“Hose and Iron: Selected Poems”
By Greg Kuzma (Stephen F. Austin State University Press)
Greg Kuzma, author of “Hose and Iron,” is one of three poetry finalists in the 2018 High Plains Book Awards. Kuzma’s previously published books include “Good News,” “The Buffalo Shoot,” “For My Brother,” “A Day in the World,” “McKeever Bridge,” “Of China and Greece,” and “Mountains of the Moon.” His work can also be found in many high-end journals and magazines. He has taught poetry for 42 years at the University of Nebraska and currently serves there as professor emeritus.
Although Kuzma’s “Hose and Iron” is a collection of his previously published poetry, the balanced order and variety of subject materials keep the reader turning the page. Kuzma’s poetry selections include nature, wildlife, insects, human emotions, travels, poets from the past, and so much more. Free verse, prose and rhyme formulate visible moments in life that are identifiable to both the young and old on a personal level. Metaphors, similes, juxtapositions, alliterations, personification, and line breaks enhance his wide range of subject matter.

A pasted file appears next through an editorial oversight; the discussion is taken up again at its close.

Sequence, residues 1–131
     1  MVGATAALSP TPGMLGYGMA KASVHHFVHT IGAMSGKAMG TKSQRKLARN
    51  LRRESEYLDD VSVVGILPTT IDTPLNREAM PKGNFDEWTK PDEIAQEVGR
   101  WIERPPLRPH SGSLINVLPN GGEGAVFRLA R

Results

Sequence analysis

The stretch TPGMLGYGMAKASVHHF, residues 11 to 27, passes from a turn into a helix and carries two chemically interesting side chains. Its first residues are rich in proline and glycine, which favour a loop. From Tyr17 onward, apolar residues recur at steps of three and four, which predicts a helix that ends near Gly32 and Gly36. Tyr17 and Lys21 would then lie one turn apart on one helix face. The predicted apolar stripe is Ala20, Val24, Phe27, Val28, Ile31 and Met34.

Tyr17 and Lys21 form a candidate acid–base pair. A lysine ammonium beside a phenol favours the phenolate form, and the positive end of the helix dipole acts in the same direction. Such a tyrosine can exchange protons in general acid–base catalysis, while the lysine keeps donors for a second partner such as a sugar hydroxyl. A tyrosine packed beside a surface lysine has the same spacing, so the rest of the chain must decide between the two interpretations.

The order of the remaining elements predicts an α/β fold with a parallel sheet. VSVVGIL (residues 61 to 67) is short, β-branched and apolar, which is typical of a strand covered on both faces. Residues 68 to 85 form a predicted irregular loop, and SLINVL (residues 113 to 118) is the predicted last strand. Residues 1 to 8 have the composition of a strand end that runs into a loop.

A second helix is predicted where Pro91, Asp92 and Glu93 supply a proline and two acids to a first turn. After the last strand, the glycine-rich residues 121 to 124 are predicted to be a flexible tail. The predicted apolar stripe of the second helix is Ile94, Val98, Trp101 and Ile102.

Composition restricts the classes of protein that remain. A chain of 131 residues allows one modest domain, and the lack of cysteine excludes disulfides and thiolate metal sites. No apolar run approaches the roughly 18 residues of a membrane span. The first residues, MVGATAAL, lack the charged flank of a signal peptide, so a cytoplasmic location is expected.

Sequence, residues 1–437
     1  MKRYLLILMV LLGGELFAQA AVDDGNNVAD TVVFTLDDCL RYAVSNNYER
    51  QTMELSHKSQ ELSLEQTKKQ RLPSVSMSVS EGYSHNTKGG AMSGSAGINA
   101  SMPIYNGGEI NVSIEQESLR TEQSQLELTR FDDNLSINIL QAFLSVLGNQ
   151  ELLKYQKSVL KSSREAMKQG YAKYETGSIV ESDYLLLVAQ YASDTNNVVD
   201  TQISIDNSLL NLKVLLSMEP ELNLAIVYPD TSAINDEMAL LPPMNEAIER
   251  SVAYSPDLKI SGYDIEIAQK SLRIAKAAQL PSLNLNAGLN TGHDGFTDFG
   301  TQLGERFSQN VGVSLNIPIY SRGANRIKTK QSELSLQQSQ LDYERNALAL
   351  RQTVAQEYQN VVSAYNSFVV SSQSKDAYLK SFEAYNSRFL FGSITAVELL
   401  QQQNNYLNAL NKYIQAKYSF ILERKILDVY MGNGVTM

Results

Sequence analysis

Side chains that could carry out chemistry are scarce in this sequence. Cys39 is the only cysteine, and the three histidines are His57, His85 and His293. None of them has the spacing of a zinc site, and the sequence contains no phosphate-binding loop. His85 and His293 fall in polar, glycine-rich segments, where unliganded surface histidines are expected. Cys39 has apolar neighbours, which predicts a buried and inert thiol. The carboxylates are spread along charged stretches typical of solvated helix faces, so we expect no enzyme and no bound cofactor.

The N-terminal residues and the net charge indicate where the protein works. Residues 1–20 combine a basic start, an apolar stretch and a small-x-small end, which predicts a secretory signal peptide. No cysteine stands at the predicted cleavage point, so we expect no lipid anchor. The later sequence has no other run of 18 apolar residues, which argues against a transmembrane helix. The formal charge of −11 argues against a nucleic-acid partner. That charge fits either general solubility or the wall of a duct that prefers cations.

Promises made to an aging spouse in Kuzma’s prose of “Nursery Piece” contrast sharply to the baby promises of the rhymed couplets in Mother Goose’s “Hush Little Baby.” Kuzma’s prose reads: “And should your looking glass throw back / wrinkles or should its skin become bark . . . / . . . I would hunt heaven up to figure you in silk / the way you want to wear your years.” Alliteration and rhyme generate laughter from “from pink to pork” to meat “on your fork” in “Pig.” Short line breaks in “Giraffe” emphasize that “it takes / an hour / just to / clear my / throat.” “Pants” becomes personified as “They dream they are / the legs of a man / and when they wake / I am in them like / spirit . . .” “The Smoker” coughs “like a Winchester / [and] “Years fall down like bisons.”
Curious about the title “Hose and Iron”? You’ll have to read the book.
Mary Uecker has assisted with the poetry writing program of Art Without Boundaries for two years and is the current poetry wrangler for the 2018 High Plains Book Awards.